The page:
Laws and policies that restrict the participation of transgender women police all women's bodies, said Kathryn J. Perkins, an assistant professor of political science at Cal State Long Beach who specializes in LGBTQ politics. Perkins says that anti-transgender policies are colored with racism and misogyny; transphobia begins to rear itself in anti-Blackness and sexist ideas about how women's bodies should appear.

The NCAA and the International Olympic Committee have policies that set standards for testosterone levels in transgender athletes. In some cases, these regulations have also affected cisgender athletes. The most famous example is Caster Semenya, a South African female middle-distance runner born with XY chromosomes and high levels of natural testosterone, who was barred from competing in her best events at the Olympics. This year, two runners from Nambia were banned from competing in the 400-meter event at the Olympics. "[These regulations] are reinforcing essentialist gender binaries," said Perkins. "It's based on the idea that men’s and women’s bodies are opposite and non-overlapping and women's bodies are weak and fragile and that they can't compete in sports with tough men's bodies."

Meanwhile, the public debate mistakenly conflates elite sports with school-age children. New laws in Arkansas and Mississippi and one being proposed in Florida target transgender youth in primary and secondary education. These laws claim to be rooted in fairness, but they're only fueling antagonism toward the transgender community, which has been targeted with increasing violence. This year, the Human Rights Campaign recorded at least 31 transgender and gender nonconforming people who were victims of homicide, putting 2021 on track to exceed last year's record total of 44 transgender people killed. A disproportionate number of these individuals were Black transgender women.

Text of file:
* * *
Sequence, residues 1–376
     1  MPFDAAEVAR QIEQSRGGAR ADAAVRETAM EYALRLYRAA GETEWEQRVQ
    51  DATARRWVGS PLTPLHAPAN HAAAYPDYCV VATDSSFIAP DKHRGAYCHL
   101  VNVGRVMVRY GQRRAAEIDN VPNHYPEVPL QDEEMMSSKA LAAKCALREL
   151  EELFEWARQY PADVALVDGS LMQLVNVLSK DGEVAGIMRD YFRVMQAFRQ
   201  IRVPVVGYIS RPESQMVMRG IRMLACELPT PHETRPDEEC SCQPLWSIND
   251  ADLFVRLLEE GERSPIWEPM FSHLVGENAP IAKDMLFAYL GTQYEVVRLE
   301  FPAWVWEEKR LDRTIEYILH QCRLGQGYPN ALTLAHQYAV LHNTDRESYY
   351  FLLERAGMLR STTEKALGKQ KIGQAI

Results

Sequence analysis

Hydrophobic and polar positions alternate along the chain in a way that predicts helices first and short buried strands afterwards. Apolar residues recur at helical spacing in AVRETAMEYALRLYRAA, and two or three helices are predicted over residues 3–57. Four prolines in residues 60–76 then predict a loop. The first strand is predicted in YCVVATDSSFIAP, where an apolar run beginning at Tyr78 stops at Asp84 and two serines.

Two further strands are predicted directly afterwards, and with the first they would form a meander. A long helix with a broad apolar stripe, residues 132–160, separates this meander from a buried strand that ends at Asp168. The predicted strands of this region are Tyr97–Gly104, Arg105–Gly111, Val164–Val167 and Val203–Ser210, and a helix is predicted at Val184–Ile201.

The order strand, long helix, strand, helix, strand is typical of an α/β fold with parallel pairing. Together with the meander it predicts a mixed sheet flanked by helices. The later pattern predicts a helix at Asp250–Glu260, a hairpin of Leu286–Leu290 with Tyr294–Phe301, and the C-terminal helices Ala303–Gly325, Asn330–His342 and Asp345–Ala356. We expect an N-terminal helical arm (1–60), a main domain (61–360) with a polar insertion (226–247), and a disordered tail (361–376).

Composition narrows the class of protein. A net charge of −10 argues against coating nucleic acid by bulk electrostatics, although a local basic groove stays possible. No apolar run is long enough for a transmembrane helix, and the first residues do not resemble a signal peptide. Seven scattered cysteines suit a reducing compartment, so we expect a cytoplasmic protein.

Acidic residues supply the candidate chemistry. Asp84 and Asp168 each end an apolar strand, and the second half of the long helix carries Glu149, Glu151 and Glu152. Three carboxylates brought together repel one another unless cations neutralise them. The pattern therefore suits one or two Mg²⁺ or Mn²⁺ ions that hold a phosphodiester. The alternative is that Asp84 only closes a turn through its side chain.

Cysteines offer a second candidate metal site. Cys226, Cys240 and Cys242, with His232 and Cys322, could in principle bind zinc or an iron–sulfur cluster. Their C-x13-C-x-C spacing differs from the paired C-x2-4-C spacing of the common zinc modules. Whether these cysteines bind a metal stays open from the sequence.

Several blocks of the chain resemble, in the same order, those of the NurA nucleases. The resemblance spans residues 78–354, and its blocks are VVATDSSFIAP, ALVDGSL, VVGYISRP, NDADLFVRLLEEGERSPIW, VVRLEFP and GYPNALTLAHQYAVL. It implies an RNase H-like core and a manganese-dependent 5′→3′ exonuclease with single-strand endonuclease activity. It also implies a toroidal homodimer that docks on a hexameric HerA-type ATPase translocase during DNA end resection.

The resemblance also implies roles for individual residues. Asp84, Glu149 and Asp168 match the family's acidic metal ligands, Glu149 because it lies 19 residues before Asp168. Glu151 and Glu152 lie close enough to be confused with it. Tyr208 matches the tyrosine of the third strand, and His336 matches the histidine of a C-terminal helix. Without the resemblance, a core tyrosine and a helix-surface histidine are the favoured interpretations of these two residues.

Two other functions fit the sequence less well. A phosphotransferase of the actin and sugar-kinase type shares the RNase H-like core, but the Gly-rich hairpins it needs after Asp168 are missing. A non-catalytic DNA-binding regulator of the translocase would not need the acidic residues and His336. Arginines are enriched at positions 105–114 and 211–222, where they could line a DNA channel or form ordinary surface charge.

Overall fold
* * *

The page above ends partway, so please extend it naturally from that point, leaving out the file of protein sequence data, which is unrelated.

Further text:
The lack of social acceptance is also one of the biggest factors affecting rates of suicide. Shelby Chestnut, the director of policy and programming at the Transgender Law Center, says that's why the accurate and positive representation of transgender people is so important. "If you're hearing negative messages about your entire existence, your rates of depression increase. Unfortunately the rates of suicide increase," Chestnut said of at-risk transgender youth.

For athletes like Schuyler Bailar, being open about his journey is about hope. "I didn't see anybody like me," Bailar said of being a transgender Asian American man. Bailar made literal and metaphorical waves as the first transgender athlete to compete in Division 1 sports as part of the Harvard men's swimming team. His social media presence has grown with his public activism; he shares infographics with over 300,000 followers aiming to affirm other transgender youth. "Now if you Googled transgender swimmer I pop up," said Bailar. "[It tells kids] 'Hey you belong here.'"

At the end of the day, the semantic debates and the politicization around transgender rights often erase the individuals — the kids who aren't trying to compete for the Olympics, who just want to have fun. Let transgender kids be kids, and let them play on the teams they choose.

This story originally appeared in Los Angeles Times.